Next on the list is a double whammy by web services provider, Yahoo. In 2013, 3 billion user accounts were compromised by unidentified hackers. That included every single account on Yahoo, Tumblr, Flickr, and other Yahoo-owned online properties at the time. The culprits stole data including dates of birth, email addresses, security questions, and answers to weakly protected passwords. It took between 2-3 years to discover what had happened so it wasn't until 2016 that the breach surfaced.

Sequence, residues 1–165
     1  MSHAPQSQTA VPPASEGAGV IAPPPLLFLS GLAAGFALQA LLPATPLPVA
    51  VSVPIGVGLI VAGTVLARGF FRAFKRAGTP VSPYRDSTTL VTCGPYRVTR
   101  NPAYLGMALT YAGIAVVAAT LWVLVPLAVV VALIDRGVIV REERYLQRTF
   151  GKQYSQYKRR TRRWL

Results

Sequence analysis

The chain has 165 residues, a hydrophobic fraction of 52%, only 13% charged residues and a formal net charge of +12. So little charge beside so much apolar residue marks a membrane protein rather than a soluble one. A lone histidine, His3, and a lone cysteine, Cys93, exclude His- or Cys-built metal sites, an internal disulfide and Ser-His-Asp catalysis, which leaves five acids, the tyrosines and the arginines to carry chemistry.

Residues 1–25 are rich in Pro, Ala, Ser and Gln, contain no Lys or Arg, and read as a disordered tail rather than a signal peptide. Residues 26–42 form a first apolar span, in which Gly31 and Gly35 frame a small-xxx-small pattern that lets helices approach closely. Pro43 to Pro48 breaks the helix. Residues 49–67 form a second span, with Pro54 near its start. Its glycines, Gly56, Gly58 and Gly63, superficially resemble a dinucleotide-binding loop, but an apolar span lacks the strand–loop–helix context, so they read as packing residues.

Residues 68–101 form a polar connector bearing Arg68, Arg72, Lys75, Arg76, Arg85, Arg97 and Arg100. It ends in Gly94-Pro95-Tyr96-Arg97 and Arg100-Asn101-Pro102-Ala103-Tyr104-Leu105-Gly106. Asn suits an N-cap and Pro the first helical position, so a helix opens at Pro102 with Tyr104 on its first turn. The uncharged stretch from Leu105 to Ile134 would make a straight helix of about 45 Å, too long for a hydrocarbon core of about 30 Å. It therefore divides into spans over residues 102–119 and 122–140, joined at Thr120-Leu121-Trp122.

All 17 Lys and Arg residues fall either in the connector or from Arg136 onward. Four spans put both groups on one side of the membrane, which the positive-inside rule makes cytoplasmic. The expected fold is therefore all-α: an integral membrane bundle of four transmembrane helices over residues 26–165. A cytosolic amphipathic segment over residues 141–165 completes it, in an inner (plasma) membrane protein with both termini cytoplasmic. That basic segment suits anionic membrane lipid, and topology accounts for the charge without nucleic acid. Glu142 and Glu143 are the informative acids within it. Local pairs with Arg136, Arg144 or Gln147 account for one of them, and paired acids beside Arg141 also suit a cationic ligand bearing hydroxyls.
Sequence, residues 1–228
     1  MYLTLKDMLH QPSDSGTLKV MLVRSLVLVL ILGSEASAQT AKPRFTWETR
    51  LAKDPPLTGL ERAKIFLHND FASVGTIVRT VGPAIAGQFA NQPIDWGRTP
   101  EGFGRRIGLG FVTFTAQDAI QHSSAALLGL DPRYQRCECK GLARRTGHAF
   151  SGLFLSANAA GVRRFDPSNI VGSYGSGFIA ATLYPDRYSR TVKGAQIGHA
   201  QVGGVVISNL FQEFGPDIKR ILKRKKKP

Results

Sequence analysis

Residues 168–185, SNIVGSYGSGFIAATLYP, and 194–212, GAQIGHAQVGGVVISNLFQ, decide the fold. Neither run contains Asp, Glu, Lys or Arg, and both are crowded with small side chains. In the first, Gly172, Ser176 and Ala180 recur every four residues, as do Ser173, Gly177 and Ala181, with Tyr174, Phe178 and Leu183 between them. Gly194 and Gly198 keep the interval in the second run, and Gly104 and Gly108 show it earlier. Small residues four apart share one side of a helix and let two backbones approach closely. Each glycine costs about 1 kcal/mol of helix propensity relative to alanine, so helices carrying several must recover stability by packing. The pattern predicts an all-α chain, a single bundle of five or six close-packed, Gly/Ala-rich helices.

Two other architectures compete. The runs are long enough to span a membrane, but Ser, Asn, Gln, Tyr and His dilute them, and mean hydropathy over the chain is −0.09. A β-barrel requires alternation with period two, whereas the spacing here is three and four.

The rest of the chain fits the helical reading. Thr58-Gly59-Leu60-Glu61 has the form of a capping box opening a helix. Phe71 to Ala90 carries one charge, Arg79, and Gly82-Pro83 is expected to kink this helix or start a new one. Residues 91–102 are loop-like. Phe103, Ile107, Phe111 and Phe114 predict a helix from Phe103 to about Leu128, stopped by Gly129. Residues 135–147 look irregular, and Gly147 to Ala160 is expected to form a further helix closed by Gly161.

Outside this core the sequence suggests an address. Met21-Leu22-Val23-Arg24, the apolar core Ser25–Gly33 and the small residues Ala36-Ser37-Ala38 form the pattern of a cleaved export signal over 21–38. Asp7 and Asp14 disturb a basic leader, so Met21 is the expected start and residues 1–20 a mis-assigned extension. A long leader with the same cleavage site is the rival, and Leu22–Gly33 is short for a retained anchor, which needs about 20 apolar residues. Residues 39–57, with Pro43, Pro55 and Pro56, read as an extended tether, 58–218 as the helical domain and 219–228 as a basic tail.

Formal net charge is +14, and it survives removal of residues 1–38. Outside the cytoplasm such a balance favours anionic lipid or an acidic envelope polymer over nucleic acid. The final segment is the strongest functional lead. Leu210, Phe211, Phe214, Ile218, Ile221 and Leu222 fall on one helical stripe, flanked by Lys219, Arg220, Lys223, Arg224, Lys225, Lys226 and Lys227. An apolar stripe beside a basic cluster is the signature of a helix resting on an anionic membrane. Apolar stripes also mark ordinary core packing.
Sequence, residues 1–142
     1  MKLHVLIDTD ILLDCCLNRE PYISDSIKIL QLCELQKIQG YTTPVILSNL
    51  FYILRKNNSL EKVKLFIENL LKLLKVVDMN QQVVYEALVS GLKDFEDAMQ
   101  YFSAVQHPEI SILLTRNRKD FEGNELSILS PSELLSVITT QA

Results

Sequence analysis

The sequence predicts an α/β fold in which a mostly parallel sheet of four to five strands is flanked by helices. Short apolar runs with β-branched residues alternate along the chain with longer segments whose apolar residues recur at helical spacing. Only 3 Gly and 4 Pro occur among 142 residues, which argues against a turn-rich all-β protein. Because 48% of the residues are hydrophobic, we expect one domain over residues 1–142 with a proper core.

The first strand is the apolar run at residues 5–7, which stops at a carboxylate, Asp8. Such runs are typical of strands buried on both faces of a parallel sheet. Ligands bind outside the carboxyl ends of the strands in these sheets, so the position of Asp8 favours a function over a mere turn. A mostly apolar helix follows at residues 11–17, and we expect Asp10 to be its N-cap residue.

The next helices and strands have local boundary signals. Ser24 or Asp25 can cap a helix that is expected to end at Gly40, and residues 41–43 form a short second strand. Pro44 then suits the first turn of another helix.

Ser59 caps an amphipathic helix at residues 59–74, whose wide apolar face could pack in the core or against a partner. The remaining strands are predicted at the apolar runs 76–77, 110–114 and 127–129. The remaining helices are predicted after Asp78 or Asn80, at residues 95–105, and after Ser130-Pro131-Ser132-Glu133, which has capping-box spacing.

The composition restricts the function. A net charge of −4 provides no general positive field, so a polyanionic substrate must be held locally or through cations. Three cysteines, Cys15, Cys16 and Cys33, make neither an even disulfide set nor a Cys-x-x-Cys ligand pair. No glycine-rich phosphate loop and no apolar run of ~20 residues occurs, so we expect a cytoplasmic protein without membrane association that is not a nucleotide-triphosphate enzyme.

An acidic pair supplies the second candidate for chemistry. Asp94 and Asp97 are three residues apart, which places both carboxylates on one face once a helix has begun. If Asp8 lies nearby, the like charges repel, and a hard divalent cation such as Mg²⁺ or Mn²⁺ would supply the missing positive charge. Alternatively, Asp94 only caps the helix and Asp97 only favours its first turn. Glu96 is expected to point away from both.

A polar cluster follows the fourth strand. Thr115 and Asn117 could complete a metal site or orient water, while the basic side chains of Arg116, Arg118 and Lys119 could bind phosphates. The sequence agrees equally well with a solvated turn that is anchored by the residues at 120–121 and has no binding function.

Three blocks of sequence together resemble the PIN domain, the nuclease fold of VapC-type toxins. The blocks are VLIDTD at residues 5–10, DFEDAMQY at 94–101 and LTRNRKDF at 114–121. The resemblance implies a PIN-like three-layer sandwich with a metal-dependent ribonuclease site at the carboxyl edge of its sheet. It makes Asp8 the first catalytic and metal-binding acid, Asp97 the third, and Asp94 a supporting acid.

By this time, the company were already dealing with a second breach that had occurred 2 years previously in 2014. Although user passwords were more protected compared to the ones in the 2013 breach, it did not stop hackers from attempting to steal them. This time round it was 500 million accounts that were compromised, including data regarding real names and telephone numbers (could this be why many of us were receiving cold calls?). Yahoo's one saving grace is that the majority of their users' passwords were hashed, which means they're processed through an irreversible algorithm using the latest Bcyrpt technology which makes them largely uncrackable. Hard luck hackers!